- Ask for flexion at the poll with your inside rein. Avoid any backwards pulling or repeated shuffling of the bit. Use simple opening rein if needed. Stabilise your horse’s neck with outside rein so only poll flexion happens, not more of a neck bend.
- Constantly keep checking if you are allowing the horse to use his neck in movement. In walk, it will need to move a little forward and back, in trot in will be static but still needs to be able to relax. Avoid the feeling of “holding the horse’s neck in round position”. You want the feeling of directing the neck and poll in front of the rest of the spine so it curves left or right slightly depending on which rein you are on. Keep the neck in the middle of the chest (if you are not sure, ask someone to film you and watch the video frame by frame. Most riders tend to keep the neck of the horse too much to the inside so it is almost in line with inside point of shoulder rather than the middle of the chest. This “breaks” the line of communication between the rein and the hind leg on that side.
- Repeat every stride – position check, rhythm, bend, flexion. It all happens almost simultaneously but you can focus on one element at a time if that’s easier.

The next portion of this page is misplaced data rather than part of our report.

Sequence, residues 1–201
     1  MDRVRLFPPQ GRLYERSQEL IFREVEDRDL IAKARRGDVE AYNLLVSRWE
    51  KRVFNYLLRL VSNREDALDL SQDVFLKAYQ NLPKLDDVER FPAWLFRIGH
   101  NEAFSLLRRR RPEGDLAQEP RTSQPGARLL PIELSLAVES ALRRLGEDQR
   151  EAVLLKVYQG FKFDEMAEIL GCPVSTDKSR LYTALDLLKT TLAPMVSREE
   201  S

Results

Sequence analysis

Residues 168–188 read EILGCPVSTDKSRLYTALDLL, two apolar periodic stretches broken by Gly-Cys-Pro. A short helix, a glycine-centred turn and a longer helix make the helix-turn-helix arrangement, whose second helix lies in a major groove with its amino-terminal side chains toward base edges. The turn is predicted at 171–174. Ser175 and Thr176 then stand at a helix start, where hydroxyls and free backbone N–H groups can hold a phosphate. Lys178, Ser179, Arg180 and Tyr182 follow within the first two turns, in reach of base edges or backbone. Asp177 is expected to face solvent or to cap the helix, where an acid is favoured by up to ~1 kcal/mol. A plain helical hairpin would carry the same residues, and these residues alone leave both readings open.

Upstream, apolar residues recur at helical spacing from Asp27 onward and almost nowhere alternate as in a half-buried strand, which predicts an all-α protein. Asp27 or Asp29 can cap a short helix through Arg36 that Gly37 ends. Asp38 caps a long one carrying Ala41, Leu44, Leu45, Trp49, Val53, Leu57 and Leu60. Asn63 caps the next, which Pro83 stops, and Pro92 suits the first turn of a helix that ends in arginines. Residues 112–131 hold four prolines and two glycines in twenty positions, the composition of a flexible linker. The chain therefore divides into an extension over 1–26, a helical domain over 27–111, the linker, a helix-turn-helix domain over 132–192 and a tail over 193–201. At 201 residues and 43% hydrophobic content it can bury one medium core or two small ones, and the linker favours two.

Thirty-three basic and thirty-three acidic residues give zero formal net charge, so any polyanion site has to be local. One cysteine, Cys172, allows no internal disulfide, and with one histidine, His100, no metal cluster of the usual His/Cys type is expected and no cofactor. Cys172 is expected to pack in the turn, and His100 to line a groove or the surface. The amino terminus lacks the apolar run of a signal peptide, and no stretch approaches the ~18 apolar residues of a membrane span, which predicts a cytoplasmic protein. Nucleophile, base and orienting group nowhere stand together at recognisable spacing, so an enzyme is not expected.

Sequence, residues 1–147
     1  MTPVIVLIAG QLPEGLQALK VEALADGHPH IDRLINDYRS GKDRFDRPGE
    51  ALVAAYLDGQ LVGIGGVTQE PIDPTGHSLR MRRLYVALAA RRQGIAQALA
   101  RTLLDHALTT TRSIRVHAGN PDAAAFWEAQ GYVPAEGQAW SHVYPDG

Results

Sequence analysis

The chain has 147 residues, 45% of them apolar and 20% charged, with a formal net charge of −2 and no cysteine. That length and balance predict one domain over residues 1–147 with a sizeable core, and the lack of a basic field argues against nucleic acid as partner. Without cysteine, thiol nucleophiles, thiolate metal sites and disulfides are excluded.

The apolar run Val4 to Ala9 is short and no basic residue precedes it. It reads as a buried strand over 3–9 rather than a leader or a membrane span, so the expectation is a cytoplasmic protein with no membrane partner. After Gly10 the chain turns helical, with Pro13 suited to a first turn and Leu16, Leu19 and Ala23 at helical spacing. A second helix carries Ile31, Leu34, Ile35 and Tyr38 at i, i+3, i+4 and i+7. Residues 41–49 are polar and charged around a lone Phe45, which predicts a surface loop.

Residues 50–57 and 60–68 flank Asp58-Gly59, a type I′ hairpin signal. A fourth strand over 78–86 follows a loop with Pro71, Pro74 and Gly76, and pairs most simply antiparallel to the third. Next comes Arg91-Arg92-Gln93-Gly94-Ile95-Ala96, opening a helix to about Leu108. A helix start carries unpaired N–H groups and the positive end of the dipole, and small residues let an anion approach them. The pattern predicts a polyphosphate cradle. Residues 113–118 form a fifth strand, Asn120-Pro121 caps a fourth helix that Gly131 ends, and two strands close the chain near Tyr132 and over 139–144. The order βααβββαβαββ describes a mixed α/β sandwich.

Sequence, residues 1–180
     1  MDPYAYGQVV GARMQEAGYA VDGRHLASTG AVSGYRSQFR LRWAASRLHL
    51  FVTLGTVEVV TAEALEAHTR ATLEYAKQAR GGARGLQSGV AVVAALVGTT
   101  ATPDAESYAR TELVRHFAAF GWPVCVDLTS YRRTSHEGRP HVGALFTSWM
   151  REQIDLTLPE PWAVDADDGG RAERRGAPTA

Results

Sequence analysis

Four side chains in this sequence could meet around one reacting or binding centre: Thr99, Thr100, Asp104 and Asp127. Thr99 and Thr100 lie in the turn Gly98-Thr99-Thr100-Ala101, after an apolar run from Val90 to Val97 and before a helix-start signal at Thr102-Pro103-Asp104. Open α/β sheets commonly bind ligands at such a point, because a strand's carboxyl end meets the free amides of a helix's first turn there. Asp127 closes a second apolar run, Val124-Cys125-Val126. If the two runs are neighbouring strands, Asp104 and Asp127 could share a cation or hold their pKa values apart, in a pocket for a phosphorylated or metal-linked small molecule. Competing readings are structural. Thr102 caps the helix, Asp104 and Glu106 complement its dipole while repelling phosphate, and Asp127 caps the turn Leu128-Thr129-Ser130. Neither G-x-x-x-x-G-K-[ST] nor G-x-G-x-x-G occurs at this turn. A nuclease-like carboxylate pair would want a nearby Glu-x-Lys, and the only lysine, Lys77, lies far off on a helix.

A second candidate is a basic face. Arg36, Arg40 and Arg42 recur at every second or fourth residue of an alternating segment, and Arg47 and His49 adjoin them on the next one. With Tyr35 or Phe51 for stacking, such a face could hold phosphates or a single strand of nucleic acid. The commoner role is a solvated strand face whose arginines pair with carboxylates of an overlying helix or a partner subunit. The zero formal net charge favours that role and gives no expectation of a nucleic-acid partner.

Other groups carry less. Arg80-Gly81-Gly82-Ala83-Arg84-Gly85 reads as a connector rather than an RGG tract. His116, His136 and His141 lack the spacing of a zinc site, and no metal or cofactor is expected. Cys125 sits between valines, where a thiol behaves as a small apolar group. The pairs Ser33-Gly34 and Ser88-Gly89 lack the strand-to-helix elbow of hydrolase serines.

- Work on both reins and build your feel for finding the posture your horse is happy to maintain.
What you are doing via this exercise is laterally bending the horse. Lateral bending helps develop straightness aka evenness through the body. Lateral bending encourages the horse to engage (aka flex in all joints and increase pushing power) of his inside hind leg.
All this encourages prouder, rounder posture through the back, longer top line and shorter bottom line, more definite feel in your outside rein and softer feel in your inside rein – all this is otherwise known as the horse being on the bit.
You might find you are only able to keep such posture in the horse for several strides. Then maybe only on a 12-15m circle. Take your time. Your feel will improve. You will start feeling how much ‘go’ to add to repair lost rhythm, how much ‘whoa’ to ask for to stop the horse from running away from inside leg aid, how much left bend to ask for so your inside flexion happens almost by itself etc etc
Many a time, the rider’s position or inability to keep the horse “in front of the leg” when riding “straight” or in gaits other than trot (often easiest as the horse’s neck remains still and rhythm can be defined via rising to the trot) is what causes the horse to lose rhythm, suppleness, engagement and connection needed to remain “on the bit”.
You might say that one could simply ride a smaller circle in walk and larger in trot and think of the same elements as above. Maybe. I have, however, tested the square exercise on variety of riders from children to more advanced riders with green horses and the discipline of the square, the fact that they need to focus on exactness of the shape seems to make it work every single time.
Happy practicing 🙂